Recession watch: Does anyone know what they’re talking about?

A recession is coming, according to every outlet that covers the economy. Finance reporters are watching the trade war between the United States and China. They’re fretting over last week’s 800-point drop in the Dow Jones Industrial Average, which marked the worst day of 2019. They’re monitoring higher budget deficits and an inverted yield curve. On Monday, the National Association for Business Economics released a report that said a third of economists believe a slowing economy will tip into recession in 2021. “Is the US economy nearing a recession?” asked the Associated Press. The New York Times explained “How the Recession of 2020 could happen.” CNBC was coy: “We’re not predicting recession in 2020 but odds are growing.” 

“I think the biggest risk here is that we talk ourselves into a downturn and we talk about it so much that we end up with a self-fulfilling prophecy,” Julia Chatterley, an anchor and correspondent for CNN International, says. “I do think there is a tendency, perhaps, for certain aspects of the financial media to be very alarmist.”

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Myles Udland, a markets reporter at Yahoo Finance, agrees. “People are weaponizing pretty benign economic data, which is leading to a lot of irresponsible bullshit in the business media world,” he says. “You call up an economist and you ask, ‘Do you think there is going to be a recession?’ And they are going to say something like, ‘It is possible in the next 18 months.’ So your story is, like, economists say it is possible,” he explains. “If enough people just say the word ‘recession,’ then people start getting worried about a recession.”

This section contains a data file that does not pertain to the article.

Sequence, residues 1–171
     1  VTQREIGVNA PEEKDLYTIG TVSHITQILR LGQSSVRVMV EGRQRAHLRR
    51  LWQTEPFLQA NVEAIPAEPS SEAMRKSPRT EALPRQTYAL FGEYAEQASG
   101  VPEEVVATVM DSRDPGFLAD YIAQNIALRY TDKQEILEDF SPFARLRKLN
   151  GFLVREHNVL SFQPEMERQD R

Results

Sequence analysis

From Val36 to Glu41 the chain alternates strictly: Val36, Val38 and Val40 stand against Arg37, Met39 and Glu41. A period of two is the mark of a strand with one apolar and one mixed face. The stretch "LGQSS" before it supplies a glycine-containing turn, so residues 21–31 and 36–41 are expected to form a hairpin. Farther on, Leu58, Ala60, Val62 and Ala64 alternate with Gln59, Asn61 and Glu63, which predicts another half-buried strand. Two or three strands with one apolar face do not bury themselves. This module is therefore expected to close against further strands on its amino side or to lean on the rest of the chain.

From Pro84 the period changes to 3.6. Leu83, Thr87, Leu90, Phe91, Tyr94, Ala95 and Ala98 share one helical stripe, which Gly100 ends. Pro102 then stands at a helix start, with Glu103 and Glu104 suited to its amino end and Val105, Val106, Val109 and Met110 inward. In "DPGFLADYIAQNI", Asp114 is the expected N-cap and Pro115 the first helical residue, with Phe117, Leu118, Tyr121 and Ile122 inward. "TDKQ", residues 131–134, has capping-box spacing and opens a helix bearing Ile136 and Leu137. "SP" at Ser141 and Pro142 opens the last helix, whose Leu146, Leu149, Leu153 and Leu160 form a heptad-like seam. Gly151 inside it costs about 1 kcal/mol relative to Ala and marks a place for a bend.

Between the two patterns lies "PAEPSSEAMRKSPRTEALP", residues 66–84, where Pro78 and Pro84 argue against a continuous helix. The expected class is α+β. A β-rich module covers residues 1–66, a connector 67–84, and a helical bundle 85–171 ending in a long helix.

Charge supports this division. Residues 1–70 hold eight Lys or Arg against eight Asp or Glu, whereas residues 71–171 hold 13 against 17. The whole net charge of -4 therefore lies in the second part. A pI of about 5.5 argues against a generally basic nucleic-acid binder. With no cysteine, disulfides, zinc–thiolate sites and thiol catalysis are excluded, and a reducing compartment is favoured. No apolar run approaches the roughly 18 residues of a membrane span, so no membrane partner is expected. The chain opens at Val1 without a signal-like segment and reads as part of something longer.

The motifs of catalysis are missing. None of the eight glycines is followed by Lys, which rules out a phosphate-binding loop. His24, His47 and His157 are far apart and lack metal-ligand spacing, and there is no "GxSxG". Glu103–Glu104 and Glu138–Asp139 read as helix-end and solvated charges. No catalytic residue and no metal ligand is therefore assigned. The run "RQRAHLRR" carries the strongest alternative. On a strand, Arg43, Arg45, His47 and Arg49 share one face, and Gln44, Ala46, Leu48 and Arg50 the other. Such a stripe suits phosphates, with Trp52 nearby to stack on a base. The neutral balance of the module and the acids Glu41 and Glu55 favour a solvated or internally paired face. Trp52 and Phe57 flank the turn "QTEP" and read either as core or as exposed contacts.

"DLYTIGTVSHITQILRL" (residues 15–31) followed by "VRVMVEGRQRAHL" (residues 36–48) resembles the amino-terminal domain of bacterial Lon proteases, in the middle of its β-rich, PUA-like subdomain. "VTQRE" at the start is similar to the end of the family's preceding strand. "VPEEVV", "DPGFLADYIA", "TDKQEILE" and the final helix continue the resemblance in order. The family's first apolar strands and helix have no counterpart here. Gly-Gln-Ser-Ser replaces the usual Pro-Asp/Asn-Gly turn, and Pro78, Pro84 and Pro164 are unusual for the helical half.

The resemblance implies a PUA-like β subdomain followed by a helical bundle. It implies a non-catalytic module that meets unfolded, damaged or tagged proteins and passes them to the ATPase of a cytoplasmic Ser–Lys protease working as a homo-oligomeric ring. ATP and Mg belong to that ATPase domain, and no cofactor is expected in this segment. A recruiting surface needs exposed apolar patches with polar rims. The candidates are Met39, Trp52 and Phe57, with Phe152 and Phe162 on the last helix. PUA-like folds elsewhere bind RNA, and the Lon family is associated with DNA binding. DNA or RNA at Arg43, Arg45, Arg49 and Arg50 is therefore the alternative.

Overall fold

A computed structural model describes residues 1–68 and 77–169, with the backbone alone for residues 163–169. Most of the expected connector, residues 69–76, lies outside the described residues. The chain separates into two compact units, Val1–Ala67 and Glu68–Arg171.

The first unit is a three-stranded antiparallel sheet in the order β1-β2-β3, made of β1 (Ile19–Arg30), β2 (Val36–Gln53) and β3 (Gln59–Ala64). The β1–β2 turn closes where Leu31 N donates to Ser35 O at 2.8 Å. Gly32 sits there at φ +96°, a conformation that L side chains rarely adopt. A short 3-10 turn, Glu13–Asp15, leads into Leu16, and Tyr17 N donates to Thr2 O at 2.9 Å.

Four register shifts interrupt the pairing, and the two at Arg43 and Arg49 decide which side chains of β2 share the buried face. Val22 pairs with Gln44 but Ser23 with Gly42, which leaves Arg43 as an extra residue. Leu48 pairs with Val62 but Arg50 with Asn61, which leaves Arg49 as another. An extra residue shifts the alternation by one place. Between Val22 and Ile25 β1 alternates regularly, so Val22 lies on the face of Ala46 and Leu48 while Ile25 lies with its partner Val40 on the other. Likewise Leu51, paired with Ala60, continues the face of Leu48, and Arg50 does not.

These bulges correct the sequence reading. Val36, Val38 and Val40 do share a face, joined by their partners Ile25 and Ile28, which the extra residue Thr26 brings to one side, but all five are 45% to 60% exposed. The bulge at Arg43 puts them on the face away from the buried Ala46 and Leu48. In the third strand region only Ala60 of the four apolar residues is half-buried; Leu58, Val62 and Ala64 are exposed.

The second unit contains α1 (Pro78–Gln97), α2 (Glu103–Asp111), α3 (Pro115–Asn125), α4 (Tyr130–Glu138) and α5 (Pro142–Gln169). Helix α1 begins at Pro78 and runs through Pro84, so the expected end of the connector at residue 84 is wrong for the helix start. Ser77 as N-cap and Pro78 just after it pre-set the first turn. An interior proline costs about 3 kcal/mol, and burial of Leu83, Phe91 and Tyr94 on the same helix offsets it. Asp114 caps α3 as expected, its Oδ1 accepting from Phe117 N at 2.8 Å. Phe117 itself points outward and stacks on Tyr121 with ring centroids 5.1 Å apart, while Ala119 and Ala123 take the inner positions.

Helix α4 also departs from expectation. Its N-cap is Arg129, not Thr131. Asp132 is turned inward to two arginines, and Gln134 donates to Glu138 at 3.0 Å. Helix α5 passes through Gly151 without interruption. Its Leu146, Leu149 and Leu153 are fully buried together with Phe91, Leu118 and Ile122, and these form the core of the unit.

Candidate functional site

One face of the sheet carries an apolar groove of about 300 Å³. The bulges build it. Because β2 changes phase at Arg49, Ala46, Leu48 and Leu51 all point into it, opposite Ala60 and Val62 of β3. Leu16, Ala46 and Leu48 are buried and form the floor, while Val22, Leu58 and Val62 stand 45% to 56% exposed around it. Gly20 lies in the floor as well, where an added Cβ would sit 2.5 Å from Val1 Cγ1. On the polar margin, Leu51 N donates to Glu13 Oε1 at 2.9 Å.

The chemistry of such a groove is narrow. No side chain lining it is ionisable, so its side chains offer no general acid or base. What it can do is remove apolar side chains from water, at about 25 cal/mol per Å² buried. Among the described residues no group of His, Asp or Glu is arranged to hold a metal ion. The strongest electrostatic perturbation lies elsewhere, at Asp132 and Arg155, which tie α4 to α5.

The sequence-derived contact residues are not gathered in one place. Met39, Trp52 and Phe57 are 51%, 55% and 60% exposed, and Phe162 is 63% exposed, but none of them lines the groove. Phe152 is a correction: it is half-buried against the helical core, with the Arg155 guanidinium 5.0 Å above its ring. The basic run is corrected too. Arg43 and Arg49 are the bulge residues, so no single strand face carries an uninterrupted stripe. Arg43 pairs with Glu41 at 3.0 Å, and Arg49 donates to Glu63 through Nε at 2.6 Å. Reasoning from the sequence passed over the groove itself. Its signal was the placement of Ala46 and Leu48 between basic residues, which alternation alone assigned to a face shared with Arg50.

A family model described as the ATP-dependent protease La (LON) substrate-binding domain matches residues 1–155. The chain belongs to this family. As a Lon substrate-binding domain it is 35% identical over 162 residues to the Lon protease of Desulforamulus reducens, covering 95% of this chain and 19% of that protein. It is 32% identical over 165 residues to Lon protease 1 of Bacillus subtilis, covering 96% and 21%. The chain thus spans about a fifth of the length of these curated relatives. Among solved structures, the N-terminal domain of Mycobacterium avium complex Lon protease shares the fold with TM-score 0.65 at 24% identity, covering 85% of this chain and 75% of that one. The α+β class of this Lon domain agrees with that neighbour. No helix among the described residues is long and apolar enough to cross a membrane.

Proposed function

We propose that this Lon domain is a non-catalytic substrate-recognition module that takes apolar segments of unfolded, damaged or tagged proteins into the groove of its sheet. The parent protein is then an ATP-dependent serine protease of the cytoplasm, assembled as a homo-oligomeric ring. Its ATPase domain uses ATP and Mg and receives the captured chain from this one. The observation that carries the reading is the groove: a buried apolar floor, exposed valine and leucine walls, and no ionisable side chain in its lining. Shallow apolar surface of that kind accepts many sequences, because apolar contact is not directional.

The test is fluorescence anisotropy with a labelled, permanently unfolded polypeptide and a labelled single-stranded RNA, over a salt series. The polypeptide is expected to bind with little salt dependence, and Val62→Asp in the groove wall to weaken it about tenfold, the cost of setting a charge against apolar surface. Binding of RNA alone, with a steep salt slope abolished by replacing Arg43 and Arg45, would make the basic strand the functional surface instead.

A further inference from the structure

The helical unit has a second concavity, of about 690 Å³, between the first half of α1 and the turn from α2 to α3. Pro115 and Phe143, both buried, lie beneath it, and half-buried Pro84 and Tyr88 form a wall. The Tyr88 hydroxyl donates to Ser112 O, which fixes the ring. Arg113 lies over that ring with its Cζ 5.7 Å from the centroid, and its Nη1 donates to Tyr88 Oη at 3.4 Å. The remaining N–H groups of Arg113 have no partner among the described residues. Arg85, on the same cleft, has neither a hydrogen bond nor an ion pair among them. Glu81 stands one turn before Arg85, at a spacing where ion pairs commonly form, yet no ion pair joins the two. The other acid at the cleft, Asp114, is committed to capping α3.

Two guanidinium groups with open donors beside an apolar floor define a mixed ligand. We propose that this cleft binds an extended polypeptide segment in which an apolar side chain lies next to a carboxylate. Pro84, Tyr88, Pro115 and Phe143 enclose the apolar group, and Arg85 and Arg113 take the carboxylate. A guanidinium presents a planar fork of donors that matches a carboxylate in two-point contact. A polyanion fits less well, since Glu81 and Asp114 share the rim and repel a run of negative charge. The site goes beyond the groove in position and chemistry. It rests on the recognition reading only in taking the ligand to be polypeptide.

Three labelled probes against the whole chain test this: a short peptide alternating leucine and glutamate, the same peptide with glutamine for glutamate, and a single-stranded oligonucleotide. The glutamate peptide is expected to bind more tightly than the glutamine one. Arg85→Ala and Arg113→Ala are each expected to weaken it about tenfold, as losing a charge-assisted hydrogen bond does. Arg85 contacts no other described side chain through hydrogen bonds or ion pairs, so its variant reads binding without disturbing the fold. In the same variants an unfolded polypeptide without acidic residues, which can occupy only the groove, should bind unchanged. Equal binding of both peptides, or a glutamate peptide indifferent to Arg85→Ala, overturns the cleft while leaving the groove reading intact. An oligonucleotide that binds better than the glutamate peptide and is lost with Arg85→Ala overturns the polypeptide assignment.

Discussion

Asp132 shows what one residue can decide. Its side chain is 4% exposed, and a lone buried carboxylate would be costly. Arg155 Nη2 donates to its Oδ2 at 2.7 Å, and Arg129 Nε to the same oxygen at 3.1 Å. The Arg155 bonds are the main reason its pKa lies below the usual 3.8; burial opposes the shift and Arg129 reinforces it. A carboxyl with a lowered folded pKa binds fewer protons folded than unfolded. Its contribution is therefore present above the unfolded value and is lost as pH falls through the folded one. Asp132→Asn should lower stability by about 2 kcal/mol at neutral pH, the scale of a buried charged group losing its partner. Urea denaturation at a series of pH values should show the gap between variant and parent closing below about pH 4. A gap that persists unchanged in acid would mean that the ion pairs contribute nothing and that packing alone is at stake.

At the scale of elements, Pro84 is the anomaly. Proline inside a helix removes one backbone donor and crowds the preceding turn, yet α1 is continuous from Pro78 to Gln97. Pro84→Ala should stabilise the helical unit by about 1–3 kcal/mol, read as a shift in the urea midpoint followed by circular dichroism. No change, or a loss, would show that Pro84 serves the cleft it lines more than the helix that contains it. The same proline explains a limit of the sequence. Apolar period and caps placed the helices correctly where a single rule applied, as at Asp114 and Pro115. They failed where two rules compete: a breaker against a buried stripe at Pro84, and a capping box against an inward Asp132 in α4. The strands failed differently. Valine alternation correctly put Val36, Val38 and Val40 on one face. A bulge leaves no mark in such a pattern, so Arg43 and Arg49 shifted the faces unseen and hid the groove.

Journalists grow worried, too. “Reporters, just like anybody else, are subject to groupthink,” Lydia DePillis, a trade and economic policy reporter at ProPublica, says. “The public sentiment around recession is influenced by the media, and that’s a very dangerous thing to get wrong.” 

How much do journalists really know about what the market will do, anyway? “If I could predict the start of a recession, then I probably wouldn’t be a journalist,” Simon Kennedy, the executive editor of Bloomberg Economics, says. “I would be living on an island somewhere and enjoying the wealth of being able to trade markets and making economic forecasts.” 

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The sources in recession stories are also just guessing. “There are studies about economic forecasting and its accuracy by economists—they get it wrong all the time,” DePillis says. “Most of the time, they don’t see a recession is coming and most predictions of recessions do not turn out to be true.” 

That happened only a few months ago, she remembers: “The end of last year, the stock market was tanking, the shutdown was happening, and the debt limit was around the corner. We thought the economy is going to crash, and it didn’t, and we recovered. I think we are just in an era where everybody is aware of what’s going on and they have stock apps on their phone, so people just get really worried.”

Dean Starkman, an investigative reporter and author of The Watchdog That Didn’t Bark: The Financial Crisis and the Disappearance of Investigative Journalism (2014), a book on how the press failed in its reporting on the 2008 financial crisis, tells CJR that there is more of a chance that the US won’t be in a recession by next year. In situations like these, there is always a “stampede to join the conventional wisdom,” Starkman says. “You really have to be disciplined to tie back your analysis to what the data is showing.”

Saqib Ahmed, a correspondent for the markets team at Reuters, cautions that sometimes the same data can be interpreted in different ways. People might look at the inverted yield curve, for instance, and assume that there will be a recession, “which could then lead to a self-fulfilling prediction,” he says. “It is very difficult to predict. Most people we talk to will tell us that there will be a recession at some point, but it gets more tricky when we ask them the timing of it.”

Ben Casselman, an economics reporter for the Times, says his goal is to interpret market trends for his readers, not tell the future. “Our job is not to be forecasters and create unnecessary panic,” he says. “The market can move a ton but the economy doesn’t change overnight. Just because there is a bad day in the market—or one month of bad data—doesn’t mean there is a reason to run out and start talking about how bad our economy is.” Besides, he adds, “The reality is that our economy is very good.” 

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Zainab Sultan is a CJR Delacorte Fellow. Follow her on Twitter @ZainabSultan.